And of course, we’re not looking at 18-month lead times. We’re looking at turning functionality on and off in 18 days. So you ask this sort of question. If the business driver, the ability to handle a merger and acquisition in a subscription kind of fashion, can the existent vendors really thrive in such an environment? You hope that as new products enter the marketplace and organizations are shown that IT doesn’t have to be this capital-intensive lengthy time delay but can be a service that you add almost analogous to the way you had an app to your phone, that it has commercial demand and different approach.

And sure, Carl Dvorak, who is a lovely man, will probably say they are developing a data center in Verona, Wisconsin and they will provide web-hosted Epic in the next couple of years. Could be.  And so, as I said in my blog, as we have a license back to our own technology for 20 years, we will continue to innovate and build. But we will also look to migrate to vendor products when they are good enough. And if it’s MEDITECH or Epic or Cerner or Athenahealth, we’ll just watch who the agile service-oriented web mobile is and go with them.

MH: You put out in 1999 one of the very first PHR tethered web-based access virtual medical records for the patients? And we’re now in 2015, I’m still giving talks about how impossible it is to get my kid’s data out of the various practices and systems that he has gone around in his short life. And you hear much, much worse stories from people who have really serious illnesses. Where do you think we are?

Oh, and just to give you some commentary.  I was railing and ranting about this at a meeting the Robert Wood Johnson Foundation had out here and Roni Zeiger said, “That’s great, Matthew, you go and you march to Washington about this lack of a patient access to data. You’ll be one of five people.”  Where do you think we are in the process of getting easy patient access to most of that data?  And to tie back to what you just said, is this type of activity that you’re doing with athena going to help?

John Halamka: Let me give you a couple of answers to that. As you know, my wife was diagnosed with Stage 3A breast cancer in December of 2011. And she managed 35 rounds of chemotherapy, radiation, and surgery because she had access to 100% of her records.  Because as you’ve seen from OpenNotes and such things we’ve done, the patient and the doctor actually see the exact the same record.  There is no idea of an EHR to PHR.  It’s a shared medical record. She told me she could not have made it through her breast cancer treatment without that seamless access to 100% of the data. Her care preferences and care plans were jointly developed and mutually visible. So I think you’re seeing huge patient demand for this sort of thing. And there are some enablers, meaningful use Stage 2.  Although as you know, our eligible professionals haven’t done that so well, but it does have that requirement for that sort of shared medical record.  And I really like the idea of Apple Health Kit which is a middleware application to take data from all of the devices in your home and share them as you wish with apps that might include a care manager or your doctor.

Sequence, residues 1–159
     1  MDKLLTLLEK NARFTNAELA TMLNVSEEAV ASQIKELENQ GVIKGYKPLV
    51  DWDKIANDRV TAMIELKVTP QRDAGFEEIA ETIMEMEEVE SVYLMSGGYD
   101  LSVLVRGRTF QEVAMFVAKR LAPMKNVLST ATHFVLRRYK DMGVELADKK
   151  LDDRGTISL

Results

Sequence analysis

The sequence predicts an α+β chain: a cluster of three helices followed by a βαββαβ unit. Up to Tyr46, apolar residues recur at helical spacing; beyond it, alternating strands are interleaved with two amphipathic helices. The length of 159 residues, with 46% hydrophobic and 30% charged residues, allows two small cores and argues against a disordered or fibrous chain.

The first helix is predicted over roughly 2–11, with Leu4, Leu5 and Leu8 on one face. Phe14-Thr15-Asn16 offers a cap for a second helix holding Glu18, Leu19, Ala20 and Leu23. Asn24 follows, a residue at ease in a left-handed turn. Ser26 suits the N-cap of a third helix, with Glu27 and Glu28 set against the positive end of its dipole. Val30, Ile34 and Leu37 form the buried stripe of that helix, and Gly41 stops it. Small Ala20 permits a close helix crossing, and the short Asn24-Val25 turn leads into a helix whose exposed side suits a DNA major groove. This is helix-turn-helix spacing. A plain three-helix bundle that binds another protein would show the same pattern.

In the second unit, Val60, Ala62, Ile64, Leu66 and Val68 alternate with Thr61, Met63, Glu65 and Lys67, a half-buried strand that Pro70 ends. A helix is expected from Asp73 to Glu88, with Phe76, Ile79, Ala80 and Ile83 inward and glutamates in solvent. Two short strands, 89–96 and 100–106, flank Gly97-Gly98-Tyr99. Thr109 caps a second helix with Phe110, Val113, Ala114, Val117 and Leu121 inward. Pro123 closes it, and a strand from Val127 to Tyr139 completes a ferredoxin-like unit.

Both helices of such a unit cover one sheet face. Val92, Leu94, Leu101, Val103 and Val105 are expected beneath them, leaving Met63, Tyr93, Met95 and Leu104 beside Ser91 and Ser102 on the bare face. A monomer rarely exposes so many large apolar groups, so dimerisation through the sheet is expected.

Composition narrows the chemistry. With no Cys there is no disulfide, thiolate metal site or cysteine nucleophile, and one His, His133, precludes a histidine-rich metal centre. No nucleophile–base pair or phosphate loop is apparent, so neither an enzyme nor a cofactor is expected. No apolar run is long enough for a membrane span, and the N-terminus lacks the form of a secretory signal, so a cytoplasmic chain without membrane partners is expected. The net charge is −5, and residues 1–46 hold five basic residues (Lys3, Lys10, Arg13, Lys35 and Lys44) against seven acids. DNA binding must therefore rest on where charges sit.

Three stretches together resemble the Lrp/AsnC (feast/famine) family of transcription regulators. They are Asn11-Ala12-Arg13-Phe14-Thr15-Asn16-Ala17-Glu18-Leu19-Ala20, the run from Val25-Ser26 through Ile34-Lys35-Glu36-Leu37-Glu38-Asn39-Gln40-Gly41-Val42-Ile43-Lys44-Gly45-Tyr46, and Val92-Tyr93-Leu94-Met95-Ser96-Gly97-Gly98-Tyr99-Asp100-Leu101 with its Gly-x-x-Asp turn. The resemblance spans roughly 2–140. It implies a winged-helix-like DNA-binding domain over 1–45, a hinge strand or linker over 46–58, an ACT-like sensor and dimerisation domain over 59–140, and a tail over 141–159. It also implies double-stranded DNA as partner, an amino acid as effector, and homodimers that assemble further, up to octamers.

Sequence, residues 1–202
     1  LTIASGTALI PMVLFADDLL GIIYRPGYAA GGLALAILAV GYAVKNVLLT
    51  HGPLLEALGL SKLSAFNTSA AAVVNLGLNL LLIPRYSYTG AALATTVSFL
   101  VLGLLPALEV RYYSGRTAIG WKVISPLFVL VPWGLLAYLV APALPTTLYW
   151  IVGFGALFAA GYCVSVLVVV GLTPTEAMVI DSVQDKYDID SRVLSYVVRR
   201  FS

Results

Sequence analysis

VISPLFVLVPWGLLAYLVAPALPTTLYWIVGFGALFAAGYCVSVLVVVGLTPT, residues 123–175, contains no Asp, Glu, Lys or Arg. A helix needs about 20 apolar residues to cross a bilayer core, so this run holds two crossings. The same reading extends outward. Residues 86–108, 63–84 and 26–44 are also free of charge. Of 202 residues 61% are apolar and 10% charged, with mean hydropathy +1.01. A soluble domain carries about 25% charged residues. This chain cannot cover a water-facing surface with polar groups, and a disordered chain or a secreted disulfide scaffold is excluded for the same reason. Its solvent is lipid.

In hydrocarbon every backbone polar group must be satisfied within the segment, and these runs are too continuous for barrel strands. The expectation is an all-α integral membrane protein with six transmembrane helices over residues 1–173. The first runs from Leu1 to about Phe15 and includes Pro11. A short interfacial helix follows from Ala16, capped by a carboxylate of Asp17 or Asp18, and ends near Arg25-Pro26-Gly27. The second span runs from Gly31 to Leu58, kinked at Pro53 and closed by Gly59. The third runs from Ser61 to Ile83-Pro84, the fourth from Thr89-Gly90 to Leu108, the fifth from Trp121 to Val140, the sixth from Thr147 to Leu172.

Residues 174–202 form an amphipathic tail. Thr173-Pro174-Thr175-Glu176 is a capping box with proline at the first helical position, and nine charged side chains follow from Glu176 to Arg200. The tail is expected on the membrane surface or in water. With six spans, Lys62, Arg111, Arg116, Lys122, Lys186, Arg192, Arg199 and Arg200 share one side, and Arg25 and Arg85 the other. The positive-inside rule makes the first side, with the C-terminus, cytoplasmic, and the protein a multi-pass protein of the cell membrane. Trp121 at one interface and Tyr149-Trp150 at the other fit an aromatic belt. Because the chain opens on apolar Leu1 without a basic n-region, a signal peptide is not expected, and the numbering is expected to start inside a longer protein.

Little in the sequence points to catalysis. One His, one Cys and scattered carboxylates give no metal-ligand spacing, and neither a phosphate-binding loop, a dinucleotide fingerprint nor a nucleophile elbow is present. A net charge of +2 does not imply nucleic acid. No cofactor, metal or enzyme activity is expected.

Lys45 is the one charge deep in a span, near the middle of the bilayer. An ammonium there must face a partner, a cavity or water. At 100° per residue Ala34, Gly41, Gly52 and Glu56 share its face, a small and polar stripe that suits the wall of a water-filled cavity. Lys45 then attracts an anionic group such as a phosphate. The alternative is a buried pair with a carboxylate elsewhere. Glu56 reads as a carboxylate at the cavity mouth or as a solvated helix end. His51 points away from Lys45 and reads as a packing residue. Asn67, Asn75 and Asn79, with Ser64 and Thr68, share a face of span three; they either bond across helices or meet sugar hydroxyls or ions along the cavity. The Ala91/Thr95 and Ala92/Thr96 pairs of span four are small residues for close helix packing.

So you know, there will be in another interview, probably, we can do in a few weeks.  Beth Israel Deaconess has finished an app that will pilot shortly. It will sit on your iOS device and allow you or enable you to say, “Yeah, share my scale. Share my blood pressure. Share my glucometer with the Beth Israel Deaconess doctors.” It’s all coming, and the patients are driving it. So that person who told you five people, are you kidding me?  Have you had a sick person in your household recently?

MH: Just to defend Roni a little bit, as you know, he has these scars with the Google Health experience and there were many reasons for that failure. And secondly, there hasn’t been overwhelming consumer demand–apart from where people can get it easily and understand it–to break down the extra barriers that get put in your way.  And if you are ePatient Dave or in your wife’s situation using a system that’s using OpenNotes, that’s a bit different from, frankly, the experience that 98% of Americans go through.  Most of them, I think, kind of give up rather than fight for it and we’ve got to make it much easier.  I’m on your side, I think it’s much more important than some people think it is, anyway.

John Halamka: Roni is a great friend  And you know why Google Health had its struggles. There were two reasons.  They were ahead of their time because you hadn’t yet had accountable care organizations in wellness, care management and all the rest that patients cared about. But second, I hear — I mean Roni would tell you better — that Larry and Sergey didn’t really like the idea of being a covered entity or at least auditable so that you would have to disclose how Google uses its data. And that’s the reasons they really killed off their PHR.

MH:Yeah, I heard the latter as well. And also, I think frankly, the other thing was it was one of the first things Larry got to do when he was made CEO. And when you’re a new CEO you have to do something decisive.  I actually think it might be as simple as that, but maybe I’m being too simplistic.